Concerning the effect of electron energy on the depth doses, Tzedakis *et al.* (21) concluded that the maximum absolute value of local dose difference for 5, 6, 7 MeV energy was 1.7%, 0.8%, 1.8% respectively. Chibani *et al.* (22) found that it had no effect on depth doses when the energy changed around the energy provided by the vendor at a 0.20 MeV interval. In another application, Tai *et al.* (23) determined the electron energy and radial intensity distribution for Siemens Primus linear accelerator. They found that a good match between measurement and simulation of electron energy was achieved by importing a 6.04 MeV energy value in a 10×10 cm^{2} field. In the present study, calculated doses of 5.4, 6.5 and 5.5 MeV, 6.4 MeV were compared with measured doses to find a range where the energy had no impacts on depth doses. An energy range between 5.5 to 6.4 MeV was suggested to the same type accelerator. The energy value of 5.95 MeV was used in the simulation where the radial intensity was changed from 0.10 to 0.40 cm. The results indicated that there was no influence on the depth doses when the radial intensity was changed in this range. Based on the results, the electron energy can be determined by matching depth dose individually as shown in *Table 3*.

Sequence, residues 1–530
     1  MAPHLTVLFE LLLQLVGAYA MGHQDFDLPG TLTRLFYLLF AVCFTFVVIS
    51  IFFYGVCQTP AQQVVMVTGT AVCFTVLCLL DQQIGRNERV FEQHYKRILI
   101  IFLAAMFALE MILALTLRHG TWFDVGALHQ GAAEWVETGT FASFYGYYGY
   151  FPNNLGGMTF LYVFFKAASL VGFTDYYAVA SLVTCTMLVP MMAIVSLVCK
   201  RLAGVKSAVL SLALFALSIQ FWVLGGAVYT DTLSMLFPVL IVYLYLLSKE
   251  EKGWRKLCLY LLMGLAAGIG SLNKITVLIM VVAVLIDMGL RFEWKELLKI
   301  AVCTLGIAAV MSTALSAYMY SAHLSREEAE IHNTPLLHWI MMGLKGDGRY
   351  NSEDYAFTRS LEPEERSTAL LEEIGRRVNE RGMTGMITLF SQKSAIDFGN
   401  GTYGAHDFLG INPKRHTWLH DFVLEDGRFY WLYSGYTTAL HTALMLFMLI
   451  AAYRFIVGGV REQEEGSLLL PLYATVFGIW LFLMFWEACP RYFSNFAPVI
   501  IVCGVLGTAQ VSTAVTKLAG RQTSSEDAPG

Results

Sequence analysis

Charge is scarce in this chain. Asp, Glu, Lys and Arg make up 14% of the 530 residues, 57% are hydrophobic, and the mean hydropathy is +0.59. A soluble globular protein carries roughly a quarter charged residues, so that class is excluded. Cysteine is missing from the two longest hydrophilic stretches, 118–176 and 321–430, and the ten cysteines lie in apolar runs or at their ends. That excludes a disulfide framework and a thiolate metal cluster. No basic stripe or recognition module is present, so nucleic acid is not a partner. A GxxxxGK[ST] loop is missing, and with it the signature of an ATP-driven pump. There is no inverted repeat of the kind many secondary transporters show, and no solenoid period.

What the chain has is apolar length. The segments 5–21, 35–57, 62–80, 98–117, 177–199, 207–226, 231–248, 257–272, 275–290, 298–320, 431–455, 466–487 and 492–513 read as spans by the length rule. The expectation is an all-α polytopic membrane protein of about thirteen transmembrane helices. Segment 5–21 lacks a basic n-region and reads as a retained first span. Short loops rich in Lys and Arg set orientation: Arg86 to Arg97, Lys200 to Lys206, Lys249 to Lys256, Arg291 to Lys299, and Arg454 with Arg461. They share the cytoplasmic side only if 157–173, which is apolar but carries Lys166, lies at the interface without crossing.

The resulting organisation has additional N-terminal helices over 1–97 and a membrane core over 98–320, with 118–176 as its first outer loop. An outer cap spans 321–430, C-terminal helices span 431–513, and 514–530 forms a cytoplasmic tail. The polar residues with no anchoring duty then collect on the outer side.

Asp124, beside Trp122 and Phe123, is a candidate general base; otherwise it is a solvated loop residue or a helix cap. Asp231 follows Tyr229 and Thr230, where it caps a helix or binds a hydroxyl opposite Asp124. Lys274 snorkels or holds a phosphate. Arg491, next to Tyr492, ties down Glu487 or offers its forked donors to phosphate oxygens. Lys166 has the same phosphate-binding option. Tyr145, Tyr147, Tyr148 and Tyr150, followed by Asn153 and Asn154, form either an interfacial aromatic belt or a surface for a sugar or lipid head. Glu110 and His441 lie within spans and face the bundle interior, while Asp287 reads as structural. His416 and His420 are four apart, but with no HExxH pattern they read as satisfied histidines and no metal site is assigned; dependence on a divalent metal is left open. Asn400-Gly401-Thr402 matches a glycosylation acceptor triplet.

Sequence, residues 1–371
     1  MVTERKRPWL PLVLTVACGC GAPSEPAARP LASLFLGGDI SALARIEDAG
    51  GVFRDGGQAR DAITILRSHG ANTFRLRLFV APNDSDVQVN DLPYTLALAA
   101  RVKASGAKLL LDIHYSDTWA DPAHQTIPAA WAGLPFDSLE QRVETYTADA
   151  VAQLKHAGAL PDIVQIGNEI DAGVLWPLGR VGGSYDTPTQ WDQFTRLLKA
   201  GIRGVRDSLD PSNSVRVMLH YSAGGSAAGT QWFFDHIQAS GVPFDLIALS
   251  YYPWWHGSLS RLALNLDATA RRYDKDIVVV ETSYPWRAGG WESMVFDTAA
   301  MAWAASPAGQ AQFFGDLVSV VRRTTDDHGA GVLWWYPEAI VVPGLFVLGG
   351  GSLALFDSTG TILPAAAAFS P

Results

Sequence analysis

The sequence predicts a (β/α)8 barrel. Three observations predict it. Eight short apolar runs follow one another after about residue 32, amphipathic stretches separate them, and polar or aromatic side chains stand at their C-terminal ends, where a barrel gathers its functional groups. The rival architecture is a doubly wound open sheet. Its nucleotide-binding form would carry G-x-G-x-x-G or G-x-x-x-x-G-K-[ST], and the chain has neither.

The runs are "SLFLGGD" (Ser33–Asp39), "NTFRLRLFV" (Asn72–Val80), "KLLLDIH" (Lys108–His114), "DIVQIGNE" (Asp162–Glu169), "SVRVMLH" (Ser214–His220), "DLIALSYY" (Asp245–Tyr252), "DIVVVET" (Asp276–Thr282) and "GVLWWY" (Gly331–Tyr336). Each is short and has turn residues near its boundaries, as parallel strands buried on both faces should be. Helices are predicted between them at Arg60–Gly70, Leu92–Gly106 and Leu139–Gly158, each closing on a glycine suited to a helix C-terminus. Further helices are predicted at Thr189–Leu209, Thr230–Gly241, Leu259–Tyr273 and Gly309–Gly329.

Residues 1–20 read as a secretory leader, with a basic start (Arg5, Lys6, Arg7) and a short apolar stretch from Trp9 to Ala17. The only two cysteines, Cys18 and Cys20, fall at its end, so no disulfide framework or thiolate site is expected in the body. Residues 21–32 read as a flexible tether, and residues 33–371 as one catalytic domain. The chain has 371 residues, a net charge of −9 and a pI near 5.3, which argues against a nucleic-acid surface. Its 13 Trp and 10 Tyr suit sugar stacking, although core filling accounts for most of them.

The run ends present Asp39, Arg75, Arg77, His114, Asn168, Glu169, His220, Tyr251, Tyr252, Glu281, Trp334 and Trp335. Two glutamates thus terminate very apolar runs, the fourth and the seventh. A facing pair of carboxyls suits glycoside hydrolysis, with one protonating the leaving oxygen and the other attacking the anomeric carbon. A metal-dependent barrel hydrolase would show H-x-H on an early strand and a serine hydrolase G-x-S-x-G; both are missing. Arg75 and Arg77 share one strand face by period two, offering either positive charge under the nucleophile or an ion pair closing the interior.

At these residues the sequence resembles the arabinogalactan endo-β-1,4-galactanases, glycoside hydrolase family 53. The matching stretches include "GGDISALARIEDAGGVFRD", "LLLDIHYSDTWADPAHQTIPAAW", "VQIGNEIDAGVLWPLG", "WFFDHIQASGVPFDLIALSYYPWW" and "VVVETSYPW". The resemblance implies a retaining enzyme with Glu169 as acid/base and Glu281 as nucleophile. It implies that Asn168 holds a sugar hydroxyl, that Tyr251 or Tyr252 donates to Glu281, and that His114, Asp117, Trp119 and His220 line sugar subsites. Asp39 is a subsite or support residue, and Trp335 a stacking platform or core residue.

The electron beam radial intensity distribution has a significant impact on the lateral dose profiles. Sheikh-Bagheri and Rogers (5) compared the off-axis factors produced by different radial intensity from 0.01 to 0.19 cm with measured off-axis factors. With a smaller or larger σ (such as a value closed to 0 or 0.19 cm) involved, off-axis factors had obvious differences compared with the ones calculated with a 0.1 cm value, especially in the points far away from central axis. The finding indicates that the radial intensity distribution has effects on the doses out of main field which is the same as the result in our study. In Chibani *et al.*’s study (22), no difference was found in the main field region between calculated and measured dose profiles when σ were 0.04 cm and 0.12 cm. As the σ changed from 0.0 to 0.19 cm in our research, good match was also found in the main field region.

The penumbra area is the sum of geometric, penetrating and scattering penumbras. In other words, doses in the penumbra region are influenced by the size of the source (24,25), the penetrating doses from the collimators (26) and the scattering doses in the phantom. In this study, we only consider the influence of the geometric penumbra, as the other two penumbras are considered to remain unchanged. Discrepancies in the penumbra area can be explained that the radial intensity has some effects on the shape of source which can affect the penumbra doses. Since electron energy has no influence on the size of source, penumbra match has the advantage that the radial intensity distribution can be determined by little influence of any inaccuracies in electron energy.

The mean angular spread is a tiny angle between Z axis and incident beam direction specified at half-width at half maximum of the electron radial intensity distribution. Thus, it makes a difference on the dose profiles. The bremsstrahlung photons emitted by the electron beams with larger radial intensity are blocked more efficiently by the primary collimator, reducing the amount of scattering doses, which can explain the trend when the mean angular spread was increased. With an 0.3° mean angular spread involved, the dose profiles had good agreements with measured doses at all interested depths.